PROVIDENCE – A former Rhode Island Supreme Court justice is now at the bargaining table with the state Department of Education and the Providence Teachers Union.
Frank Flaherty, who retired from the state’s high court last year, has been hired as a $350-an-hour mediator to help the two sides reach an agreement on a new union contract, according Department of Education spokeswoman Emily Crowell.
Crowell said that the two parties came to a mutual agreement to hire Flaherty – as opposed to having mediation ordered by a judge – and will split his hourly fee. He started attending negotiating sessions several weeks ago.
The two sides are scheduled to continue negotiations Monday, the first time they’ve met since the union took a vote of no confidence in Education Commissioner Angélica Infante-Green and Providence Superintendent Harrison Peters.
Infante-Green led the charge for the state to take control of Providence’s struggling school system in 2019, and the plan was supported by Mayor Jorge Elorza in large part because he believed the state would have more power to renegotiate the union contract than he had. (Elorza had a tense relationship with the city’s teachers during negotiations over their last contract.)
The union has been working under an expired contract for the entire school year, and Infante-Green and Peters have hinted that they may seek to make unilateral changes to the agreement if a deal can’t be reached. Union leaders have said any changes could wind up in court.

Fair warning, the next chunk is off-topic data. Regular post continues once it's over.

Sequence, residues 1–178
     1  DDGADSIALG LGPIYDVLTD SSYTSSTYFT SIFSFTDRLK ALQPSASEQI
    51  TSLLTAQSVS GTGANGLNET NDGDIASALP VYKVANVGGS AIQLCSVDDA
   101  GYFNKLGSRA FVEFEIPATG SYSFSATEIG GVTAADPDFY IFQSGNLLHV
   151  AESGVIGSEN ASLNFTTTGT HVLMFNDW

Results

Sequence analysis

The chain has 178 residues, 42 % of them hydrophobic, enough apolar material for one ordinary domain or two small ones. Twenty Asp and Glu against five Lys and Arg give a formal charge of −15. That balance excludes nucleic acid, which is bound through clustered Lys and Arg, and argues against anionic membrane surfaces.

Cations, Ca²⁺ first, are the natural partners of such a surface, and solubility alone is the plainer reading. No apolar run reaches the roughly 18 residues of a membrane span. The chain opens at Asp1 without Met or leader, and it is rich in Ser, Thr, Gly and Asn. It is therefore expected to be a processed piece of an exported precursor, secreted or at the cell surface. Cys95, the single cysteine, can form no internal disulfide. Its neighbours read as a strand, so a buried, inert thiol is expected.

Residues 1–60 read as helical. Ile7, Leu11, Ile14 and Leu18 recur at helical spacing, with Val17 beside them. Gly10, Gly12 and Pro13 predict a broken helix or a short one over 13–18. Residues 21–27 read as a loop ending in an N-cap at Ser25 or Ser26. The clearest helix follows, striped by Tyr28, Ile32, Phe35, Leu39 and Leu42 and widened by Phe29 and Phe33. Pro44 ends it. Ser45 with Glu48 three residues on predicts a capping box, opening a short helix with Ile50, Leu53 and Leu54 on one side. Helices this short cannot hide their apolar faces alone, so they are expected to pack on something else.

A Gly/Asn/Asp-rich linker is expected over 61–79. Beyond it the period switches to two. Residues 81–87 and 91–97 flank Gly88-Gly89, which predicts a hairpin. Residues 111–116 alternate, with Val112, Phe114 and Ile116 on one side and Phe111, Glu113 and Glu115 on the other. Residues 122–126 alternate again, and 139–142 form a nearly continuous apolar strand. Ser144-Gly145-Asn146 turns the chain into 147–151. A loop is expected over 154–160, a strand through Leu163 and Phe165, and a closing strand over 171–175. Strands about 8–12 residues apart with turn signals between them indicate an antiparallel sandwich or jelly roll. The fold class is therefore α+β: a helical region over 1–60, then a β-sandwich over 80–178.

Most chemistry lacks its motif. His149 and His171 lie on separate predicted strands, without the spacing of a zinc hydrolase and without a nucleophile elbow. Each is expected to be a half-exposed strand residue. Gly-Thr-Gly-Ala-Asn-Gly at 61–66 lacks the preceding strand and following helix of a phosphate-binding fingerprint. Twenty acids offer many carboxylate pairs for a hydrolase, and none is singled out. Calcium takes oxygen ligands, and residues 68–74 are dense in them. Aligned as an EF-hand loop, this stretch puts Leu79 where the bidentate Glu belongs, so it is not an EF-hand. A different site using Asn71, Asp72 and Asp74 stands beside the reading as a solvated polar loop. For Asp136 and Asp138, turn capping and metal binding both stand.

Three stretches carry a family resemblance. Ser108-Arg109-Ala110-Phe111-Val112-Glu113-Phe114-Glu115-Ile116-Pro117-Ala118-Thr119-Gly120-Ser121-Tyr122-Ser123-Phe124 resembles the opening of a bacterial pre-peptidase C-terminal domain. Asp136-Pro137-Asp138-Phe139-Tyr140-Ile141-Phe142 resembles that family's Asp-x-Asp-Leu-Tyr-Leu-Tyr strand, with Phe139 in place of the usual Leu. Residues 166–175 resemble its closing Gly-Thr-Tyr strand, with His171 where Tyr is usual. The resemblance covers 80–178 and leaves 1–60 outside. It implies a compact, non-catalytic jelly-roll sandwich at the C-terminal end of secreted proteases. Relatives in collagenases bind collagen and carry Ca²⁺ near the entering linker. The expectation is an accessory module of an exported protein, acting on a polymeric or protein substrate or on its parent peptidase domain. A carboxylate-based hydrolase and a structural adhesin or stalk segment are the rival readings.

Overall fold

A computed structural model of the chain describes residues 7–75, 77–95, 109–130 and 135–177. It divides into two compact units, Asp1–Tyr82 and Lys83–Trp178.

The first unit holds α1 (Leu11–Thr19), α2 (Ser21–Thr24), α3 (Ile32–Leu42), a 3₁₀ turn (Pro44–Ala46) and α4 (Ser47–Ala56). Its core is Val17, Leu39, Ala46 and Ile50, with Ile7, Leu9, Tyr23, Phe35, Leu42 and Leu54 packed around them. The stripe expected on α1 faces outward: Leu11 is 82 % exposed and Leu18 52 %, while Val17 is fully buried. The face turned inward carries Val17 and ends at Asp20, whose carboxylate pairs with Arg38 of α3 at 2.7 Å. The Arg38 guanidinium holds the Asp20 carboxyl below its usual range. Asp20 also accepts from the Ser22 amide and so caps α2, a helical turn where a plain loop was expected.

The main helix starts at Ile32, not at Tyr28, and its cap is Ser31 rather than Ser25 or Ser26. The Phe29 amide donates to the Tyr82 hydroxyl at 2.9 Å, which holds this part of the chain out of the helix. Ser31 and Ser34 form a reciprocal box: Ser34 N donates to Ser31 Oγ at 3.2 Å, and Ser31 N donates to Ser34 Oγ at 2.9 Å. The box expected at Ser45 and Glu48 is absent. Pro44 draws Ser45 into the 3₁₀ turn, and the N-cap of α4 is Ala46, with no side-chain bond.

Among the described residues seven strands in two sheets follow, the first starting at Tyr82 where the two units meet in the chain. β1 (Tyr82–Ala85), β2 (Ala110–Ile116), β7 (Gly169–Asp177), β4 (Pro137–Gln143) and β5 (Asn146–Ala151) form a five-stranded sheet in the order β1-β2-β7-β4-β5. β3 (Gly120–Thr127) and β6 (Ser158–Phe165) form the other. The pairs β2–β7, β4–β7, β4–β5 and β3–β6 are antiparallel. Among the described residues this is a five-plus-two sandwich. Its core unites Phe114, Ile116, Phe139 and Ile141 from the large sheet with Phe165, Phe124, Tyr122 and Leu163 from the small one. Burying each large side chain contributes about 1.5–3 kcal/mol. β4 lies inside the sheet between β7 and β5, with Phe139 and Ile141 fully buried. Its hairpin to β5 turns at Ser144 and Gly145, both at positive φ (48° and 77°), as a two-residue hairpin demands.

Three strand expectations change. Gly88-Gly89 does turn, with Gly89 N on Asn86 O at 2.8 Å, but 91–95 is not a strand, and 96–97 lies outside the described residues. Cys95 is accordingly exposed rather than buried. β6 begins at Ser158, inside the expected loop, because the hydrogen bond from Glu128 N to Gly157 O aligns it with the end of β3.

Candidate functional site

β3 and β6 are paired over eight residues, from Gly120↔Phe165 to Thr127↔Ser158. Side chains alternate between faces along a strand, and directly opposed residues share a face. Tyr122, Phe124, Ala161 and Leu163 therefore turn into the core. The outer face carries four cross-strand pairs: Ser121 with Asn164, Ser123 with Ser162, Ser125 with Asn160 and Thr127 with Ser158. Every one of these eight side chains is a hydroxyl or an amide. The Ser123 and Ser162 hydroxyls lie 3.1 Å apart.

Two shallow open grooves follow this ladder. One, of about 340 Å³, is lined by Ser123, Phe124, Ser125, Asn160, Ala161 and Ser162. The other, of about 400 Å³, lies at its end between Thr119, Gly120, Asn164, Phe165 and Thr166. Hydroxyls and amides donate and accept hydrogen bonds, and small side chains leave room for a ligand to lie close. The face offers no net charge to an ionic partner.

Flaherty’s job will be to help move the two sides along in negotiations.
A former mayor of Warwick and two-time Democratic candidate for governor, Flaherty was appointed to the Supreme Court in 2003. He announced his retirement from the bench last October, clearing a path for then-state Senator Erin Lynch Prata to be nominated as his successor.
Governor Dan McKee said he’s hopeful that Flaherty can help the two sides reach a deal.
“I have met with both the union leadership and the commissioner to discuss the Providence educator contract and I remain open to having additional discussions that can help bring parties together in the best interest of our students,” McKee said in a statement. “Now that a mediator is involved in the process, we hope this will bring parties closer to resolving the issue. I look forward to engaging leaders at every level to ensure our students receive the support they need to access the quality education they deserve.”